Middle of the Wood River Valley is under Mandatory Evacuation

Heavy winds pushing the Castle Rock Fire have led to a mandatory evacuation of what amounts to all residents of the Wood River Valley between Ketchum and Hailey, Idaho on both sides of highway 75 which runs up the middle of the valley.

The details are in this story. Mid-valley under mandatory evacuation. Windier, drier conditions challenge firefighters. By the Idaho Mountain Express Staff.

Updates starting mid-afternoon Aug. 26. Flames are bearing down on homes in Greenhorn Gulch. Idaho Mountain Express.

Aug. 26. Castle Rock Fire Near Ketchum Grows, Forces New Evacuations. By Gary Stivers and Dave Chase. SunValleyOnline.Com (mirrored in New West)

Updated Aug. 27. Greenhorn Gulch may have been saved, but fire has burned onto Bald Mountain, Sun Valley’s famous ski hill. Story in the Mountain Express — Bald Mountain on fire.

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Guest opinion: Western Watersheds not to blame for Murphy fires

Some time ago, this web site posted the opinion of public lands rancher and state legislator Bert Brackett on the Murphy fire complex.

Here again is Brackett’s opinion. Failed policy based on flawed science has gotten us here. Guest opinion in the Idaho Statesman. Brackett blamed the Western Watersheds Project because it won a lawsuit and then entered into an agreement that reduced grazing by 30% in the BLM’s Jarbidge Resource Area where a good deal of the fire burned.

The Statesman then published a guest opinion from Jon Marvel, executive director of the WWP.

Here is Marvel’s guest opinion. Western Watersheds not to blame for Murphy fires. Idaho Statesman. In addition to the extreme dryness and heat, Marvel blamed it in 100 years of mismanagement of ranchers and the BLM from over grazing that promoted the spread of cheat grass and the planting of exotic grasses like crested wheatgrass which did not, as predicted, retard fire. The end result was more fuel to burn than before cattle and sheep were brought to this land. The livestock also wiped out the green riparian areas that served as barriers to range fires. This included not just green grass, but green shrubs and trees that supported beaver ponds. The ponds created large hard-to-burn areas that were difficult for fires to cross over.

Challenge to Wyoming’s elk feeding/killing program fails in federal court

The judge ruled Wyoming’s program to test elk for brucellosis before they enter a winter feedlot (and kill the elk if it tests positive for brucellosis anti-bodies) was not an arbitrary and capricious decision. Indeed that legal standard is a high bar (that a government program is arbitrary and capricious).

Livestock groups were happy because it means they won’t have to share any winter range with elk (as ranchers do in most other Western states).

There is no way this test and slaughter will reduce the brucellosis infection rate because there are too many “false negatives” as well as even more “false positives” in the crude test they use.

I continue to be amazed that Wyoming’s version of the group “Sportsmen for Fish and Wildlife” continues to support this worthless elk killing program and yet keep a straight face when they talk about how horrible it is that predatory animals kill elk. I guess elk dying a natural death to predation is bad and a stupid bureaucratic-ordered death is acceptable.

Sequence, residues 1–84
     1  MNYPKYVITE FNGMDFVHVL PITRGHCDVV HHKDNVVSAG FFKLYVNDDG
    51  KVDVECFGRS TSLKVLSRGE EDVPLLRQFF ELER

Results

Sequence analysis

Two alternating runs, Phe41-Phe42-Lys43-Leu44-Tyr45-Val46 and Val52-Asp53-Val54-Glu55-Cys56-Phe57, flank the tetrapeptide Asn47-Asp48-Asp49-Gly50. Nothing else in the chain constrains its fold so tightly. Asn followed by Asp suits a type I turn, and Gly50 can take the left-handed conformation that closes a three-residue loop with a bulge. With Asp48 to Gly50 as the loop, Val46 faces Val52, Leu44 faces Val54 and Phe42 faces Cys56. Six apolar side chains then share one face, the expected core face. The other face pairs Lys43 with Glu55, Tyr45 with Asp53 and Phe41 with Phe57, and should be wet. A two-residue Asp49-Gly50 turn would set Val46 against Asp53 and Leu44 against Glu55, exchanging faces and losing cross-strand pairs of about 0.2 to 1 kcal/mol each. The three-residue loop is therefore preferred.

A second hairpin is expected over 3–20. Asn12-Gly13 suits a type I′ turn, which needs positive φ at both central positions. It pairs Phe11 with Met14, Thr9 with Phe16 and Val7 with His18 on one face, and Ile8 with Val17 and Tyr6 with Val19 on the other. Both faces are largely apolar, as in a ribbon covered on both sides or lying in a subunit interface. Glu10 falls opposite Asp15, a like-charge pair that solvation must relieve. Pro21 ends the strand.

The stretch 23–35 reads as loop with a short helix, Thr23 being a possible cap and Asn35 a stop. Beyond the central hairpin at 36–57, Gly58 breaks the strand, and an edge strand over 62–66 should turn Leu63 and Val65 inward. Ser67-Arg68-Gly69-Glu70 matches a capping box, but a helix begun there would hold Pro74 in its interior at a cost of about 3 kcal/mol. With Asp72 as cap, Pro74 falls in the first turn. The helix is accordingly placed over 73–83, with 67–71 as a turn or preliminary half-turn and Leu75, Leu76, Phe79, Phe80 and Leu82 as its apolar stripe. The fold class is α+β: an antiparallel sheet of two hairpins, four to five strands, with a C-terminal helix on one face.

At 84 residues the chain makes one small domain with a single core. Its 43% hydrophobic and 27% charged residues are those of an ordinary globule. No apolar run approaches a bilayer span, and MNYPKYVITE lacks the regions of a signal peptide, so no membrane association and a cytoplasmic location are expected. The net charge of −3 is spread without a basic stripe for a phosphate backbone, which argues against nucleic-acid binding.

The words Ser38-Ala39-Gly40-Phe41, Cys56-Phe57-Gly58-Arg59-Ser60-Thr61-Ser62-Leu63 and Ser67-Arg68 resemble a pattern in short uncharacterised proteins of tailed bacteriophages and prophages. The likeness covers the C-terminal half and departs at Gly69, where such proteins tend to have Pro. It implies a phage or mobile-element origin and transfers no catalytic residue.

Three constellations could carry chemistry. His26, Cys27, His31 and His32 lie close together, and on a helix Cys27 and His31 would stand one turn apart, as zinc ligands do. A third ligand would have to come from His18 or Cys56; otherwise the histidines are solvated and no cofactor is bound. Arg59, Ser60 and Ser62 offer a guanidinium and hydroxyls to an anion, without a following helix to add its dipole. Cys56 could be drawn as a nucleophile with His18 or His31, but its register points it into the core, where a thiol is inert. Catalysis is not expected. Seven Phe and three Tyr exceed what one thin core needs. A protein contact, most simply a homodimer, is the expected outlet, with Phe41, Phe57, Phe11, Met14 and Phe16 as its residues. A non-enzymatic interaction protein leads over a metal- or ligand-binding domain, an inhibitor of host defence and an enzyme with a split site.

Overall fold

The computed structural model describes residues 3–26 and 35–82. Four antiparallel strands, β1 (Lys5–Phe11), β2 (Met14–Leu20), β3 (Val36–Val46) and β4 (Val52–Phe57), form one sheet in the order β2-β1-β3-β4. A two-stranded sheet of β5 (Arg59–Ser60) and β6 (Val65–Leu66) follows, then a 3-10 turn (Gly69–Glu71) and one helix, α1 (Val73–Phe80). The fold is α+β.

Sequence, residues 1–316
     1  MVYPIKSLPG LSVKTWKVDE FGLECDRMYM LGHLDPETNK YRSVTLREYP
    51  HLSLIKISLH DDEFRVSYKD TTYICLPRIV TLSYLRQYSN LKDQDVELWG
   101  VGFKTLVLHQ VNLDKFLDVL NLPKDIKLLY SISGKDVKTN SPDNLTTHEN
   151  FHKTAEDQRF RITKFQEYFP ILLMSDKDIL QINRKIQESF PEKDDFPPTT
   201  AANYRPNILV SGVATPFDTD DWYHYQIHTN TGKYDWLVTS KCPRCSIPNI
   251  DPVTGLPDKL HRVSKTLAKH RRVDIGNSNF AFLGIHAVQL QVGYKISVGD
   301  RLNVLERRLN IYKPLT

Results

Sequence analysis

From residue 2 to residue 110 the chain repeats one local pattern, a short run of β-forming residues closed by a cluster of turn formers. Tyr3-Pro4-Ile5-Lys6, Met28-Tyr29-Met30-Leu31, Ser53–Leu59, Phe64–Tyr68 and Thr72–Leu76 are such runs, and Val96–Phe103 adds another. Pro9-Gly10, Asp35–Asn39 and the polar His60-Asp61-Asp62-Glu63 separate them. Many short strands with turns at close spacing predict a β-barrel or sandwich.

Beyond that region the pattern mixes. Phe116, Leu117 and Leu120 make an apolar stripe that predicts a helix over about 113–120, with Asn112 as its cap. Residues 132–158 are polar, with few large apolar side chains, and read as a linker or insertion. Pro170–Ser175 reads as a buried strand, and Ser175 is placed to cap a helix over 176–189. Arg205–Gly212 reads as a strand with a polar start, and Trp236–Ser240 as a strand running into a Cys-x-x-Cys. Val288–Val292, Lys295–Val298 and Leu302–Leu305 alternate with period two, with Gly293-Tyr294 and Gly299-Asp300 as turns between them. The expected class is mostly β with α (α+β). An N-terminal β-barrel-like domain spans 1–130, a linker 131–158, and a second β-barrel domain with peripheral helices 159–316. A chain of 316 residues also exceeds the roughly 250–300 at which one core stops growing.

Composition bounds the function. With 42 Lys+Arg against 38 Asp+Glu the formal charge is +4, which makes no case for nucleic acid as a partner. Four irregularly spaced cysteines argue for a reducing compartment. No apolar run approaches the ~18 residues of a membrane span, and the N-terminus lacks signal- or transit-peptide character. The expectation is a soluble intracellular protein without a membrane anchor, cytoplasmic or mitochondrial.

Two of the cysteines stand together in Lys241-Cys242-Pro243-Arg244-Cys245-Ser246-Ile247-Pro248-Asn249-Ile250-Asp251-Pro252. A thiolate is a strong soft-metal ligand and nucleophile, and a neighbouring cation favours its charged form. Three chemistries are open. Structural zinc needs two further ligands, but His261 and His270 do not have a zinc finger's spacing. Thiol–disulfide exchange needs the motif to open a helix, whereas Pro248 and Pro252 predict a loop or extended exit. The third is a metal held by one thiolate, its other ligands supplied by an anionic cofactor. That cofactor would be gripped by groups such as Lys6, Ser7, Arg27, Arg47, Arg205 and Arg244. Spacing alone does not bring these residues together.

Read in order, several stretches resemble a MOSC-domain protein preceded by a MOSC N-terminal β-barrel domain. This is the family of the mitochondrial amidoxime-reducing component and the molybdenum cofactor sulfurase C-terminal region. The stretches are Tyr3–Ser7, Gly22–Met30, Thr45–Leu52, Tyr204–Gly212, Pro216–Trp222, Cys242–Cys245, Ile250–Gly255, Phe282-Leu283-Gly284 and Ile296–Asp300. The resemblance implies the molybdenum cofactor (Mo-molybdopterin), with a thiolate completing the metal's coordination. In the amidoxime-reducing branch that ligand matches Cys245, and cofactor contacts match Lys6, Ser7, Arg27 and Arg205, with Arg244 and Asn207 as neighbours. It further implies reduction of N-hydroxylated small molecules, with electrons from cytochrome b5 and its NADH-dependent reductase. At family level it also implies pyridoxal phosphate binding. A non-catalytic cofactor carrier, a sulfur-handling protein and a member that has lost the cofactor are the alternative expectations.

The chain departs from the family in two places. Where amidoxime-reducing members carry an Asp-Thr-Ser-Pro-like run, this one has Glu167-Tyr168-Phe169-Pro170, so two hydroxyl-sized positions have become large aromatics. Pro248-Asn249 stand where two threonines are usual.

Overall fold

Story in the Billings Gazette. Elk-feeding challenge rejected

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Idaho wolf pack of nine killed by government, west of Fairfield.

Wolf pack west of Fairfield eradicated. By Trey Spaulding. For the Times-News.

“Nadeau [the state’s large carninovore manage] said we are going to see more and more of these scenarios since the prime wolf habitat in Idaho is now all occupied by other packs.”

This prediction has in fact been made several times by past wolf managers in Idaho (as when the federal government was managing them). It didn’t happen. The rate of wolf “control” did not increase more than proportionately than the number of wolves, nor did the number of “depredations.”

August 27. The Times-News has taken down their story and the link above doesn’t work, but Idaho Fish and Game just released their own story. Here it is: wolf report: wolf pack removed

Idaho wildfires cost feds millions.

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Industry darling: Mining law of 1872 should be reformed

The Salt Lake Tribune has an editorial today against the 1872 general mining law, which has endured attempts to reform it since the 19th century. Its harmful consequences to our public lands is increasing because of the recent rush to stake new uranium and other “hard rocks” claims.

These minerals are basically given away free under this law and the surface of the law is permanently privatized if the mining claim is patented. Meanwhile oil, gas, phosphate, potash, sulfur, coal, and geothermal, are classified as leasable minerals and bo th the federal government and the state receive receive royalties from their development.

SLT Editorial.

The Tribune is not alone in covering this. Report: More Than 800 New Mining Claims Crowd Border of Grand Canyon National Park. Many Claims for Uranium: Yosemite, Arches, Canyonlands, Joshua Tree also Threatened. YubaNet.

From July 2007. Sportsmen want 1872 mining law revised. By Steve Lipsher Denver Post Staff Writer.

On Aug 27, the Washington Post had a warming article about the recent upsurge in claims under the 1872 law. Mining Our Treasures: An 1872 Law Paves the Way for a Rush of Claims in the West. By Jane Danowitz and Richard Wiles.  “815 active mining claims lie within five miles of the Grand Canyon, 805 of them staked since 2003. Just outside Arches National Park in Utah, 869 claims have been snatched up, almost all within the past five years.”